0.86

144.76

9.05

84

103.07

136

7.18

-0.01

0.02

0.00

D125

0.79

0.77

77.11

4.82

198

210.66

242

6.42

0.03

0.01

0.04

D7

0.07

0.06

4.77

0.3

212

212.4

232

1.56

0.14

0.02

0.16

H115

0.7

0.71

16.11

1.01

84

95.06

112

4.61

-0.01

0.01

0.00

H129

0.64

0.62

59.25

3.7

186

195.91

218

4.49

0.04

0.01

0.05

 

Table A5. STRUCTURE results and delta-K calculations for each species. Results are presented for each genetic cluster with best delta-K in bold, and clusters are shown in Fig. 2 of the main text.

CANYON TREEFROG

 

 

 

 

Canyon treefrog - all populations

 

K

Mean LnP(K)

Stdev LnP(K)

Ln'(K)

|Ln''(K)|

Delta K

 

1

-9093.82

0.18

NA

NA

NA

 

2

-8537.00

1.04

556.82

167.31

160.66

 

3

-8147.49

2.23

389.51

181.21

81.12

 

4

-7939.19

14.73

208.30

7.21

0.49

 

5

-7738.10

15.62

201.09

46.76

2.99

 

6

-7583.77

25.84

154.33

116.84

4.52

 

7

-7546.28

108.98

37.49

101.37

0.93

 

8

-7610.16

741.54

-63.88

190.59

0.26

 

9

-7483.45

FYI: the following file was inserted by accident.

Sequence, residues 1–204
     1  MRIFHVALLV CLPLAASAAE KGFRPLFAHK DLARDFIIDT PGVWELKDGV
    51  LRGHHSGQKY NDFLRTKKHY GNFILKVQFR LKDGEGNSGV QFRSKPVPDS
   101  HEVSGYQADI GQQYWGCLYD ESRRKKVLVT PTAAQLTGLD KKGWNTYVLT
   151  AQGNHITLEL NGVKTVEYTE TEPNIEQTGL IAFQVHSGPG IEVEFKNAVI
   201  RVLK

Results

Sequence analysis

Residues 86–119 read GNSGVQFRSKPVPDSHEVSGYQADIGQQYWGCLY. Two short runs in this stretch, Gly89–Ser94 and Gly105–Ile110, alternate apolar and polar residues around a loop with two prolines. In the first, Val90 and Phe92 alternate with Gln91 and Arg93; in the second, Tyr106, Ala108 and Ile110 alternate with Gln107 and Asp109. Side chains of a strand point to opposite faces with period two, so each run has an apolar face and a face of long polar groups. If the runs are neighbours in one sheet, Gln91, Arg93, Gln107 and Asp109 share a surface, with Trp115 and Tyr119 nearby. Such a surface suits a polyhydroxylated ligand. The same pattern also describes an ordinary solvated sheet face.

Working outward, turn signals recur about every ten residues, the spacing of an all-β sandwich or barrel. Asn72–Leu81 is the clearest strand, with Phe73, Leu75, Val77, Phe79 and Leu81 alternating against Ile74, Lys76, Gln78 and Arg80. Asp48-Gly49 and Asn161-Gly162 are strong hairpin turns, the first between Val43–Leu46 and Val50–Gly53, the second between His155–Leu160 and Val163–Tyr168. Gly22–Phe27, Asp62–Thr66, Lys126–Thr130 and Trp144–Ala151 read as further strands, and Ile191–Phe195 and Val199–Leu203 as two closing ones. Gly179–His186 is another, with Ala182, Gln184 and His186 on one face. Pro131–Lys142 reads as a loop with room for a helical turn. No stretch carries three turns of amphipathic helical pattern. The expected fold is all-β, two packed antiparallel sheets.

523.98

126.71

10.71

0.02

 

10

-7367.45

95.81

116.00

187.83

1.96

 

11

-7439.28

134.99

-71.83

16.60

0.12

 

12

-7494.51

138.59

-55.23

22.23

0.16

 

13

-7571.97

91.26

-77.46

35.08

0.38

 

14

-7684.51

270.39

-112.54

66.86

0.25

 

15

-7730.19

186.78

-45.68

14.96

0.08

 

16

-7760.91

300.21

-30.72

NA

NA

Canyon treefrog - western group

 

K

Mean LnP(K)

Stdev LnP(K)

Ln'(K)

|Ln''(K)|

Delta K

 

1

-7356.15

0.39

NA

NA

NA

 

2

-6973.11

0.63

383.04

167.45

264.43

 

3

-6757.52

12.86

215.59

18.68

1.45

 

4

-6560.61

17.87

196.91

39.79

2.23

 

5

-6403.49

6.76

157.12

123.87

18.33

 

6

-6370.24

18.98

33.25

22.25

1.17

 

7

-6314.74

33.30

55.50

87.91

2.64

 

8

-6347.15

25.78

-32.41

77.86

3.02

 

9

-6457.42

124.04

-110.27

88.56

0.71

 

10

-6479.13

85.90

-21.71

8.46

0.10

 

11

-6509.30

70.28

-30.17

31.15

0.44

 

12

-6570.62

102.93

-61.32

56.82

0.55

 

13

-6688.76

189.85

-118.14

NA

NA

Canyon treefrog - northwestern group

 

K

Mean LnP(K)

Stdev LnP(K)

Ln'(K)

|Ln''(K)|

Delta K

 

1

-2462.50

0.57

NA

NA

NA

 

2

-2248.47

0.94

214.03

253.09

268.76

 

3

-2287.53

17.77

-39.06

23.63

1.33

 

4

-2302.96

14.28

-15.43

16.94

1.19

 

5

-2301.45

13.78

1.51

NA

NA

Canyon treefrog - Santa Rita group

 

K

Mean LnP(K)

Stdev LnP(K)

Ln'(K)

|Ln''(K)|

Delta K

 

1

-1690.58

0.38

NA

NA

NA

Table A5, continued.

 

 

 

 

 

 

2

-1693.03

3.14

-2.45

0.12

0.04

 

 

3

-1695.36

4.32

-2.33

5.49

1.27

 

 

4

-1692.20

1.00

3.16

NA

NA

 

Canyon treefrog - southwestern group

 

 

 

 

 

K

Mean LnP(K)

Stdev LnP(K)

Ln'(K)

|Ln''(K)|

Delta K

 

 

1

-4457.82

0.24

NA

NA

NA

 

 

2

-4292.70

33.15

165.12

4.37

0.13

 

 

3

-4131.95

11.36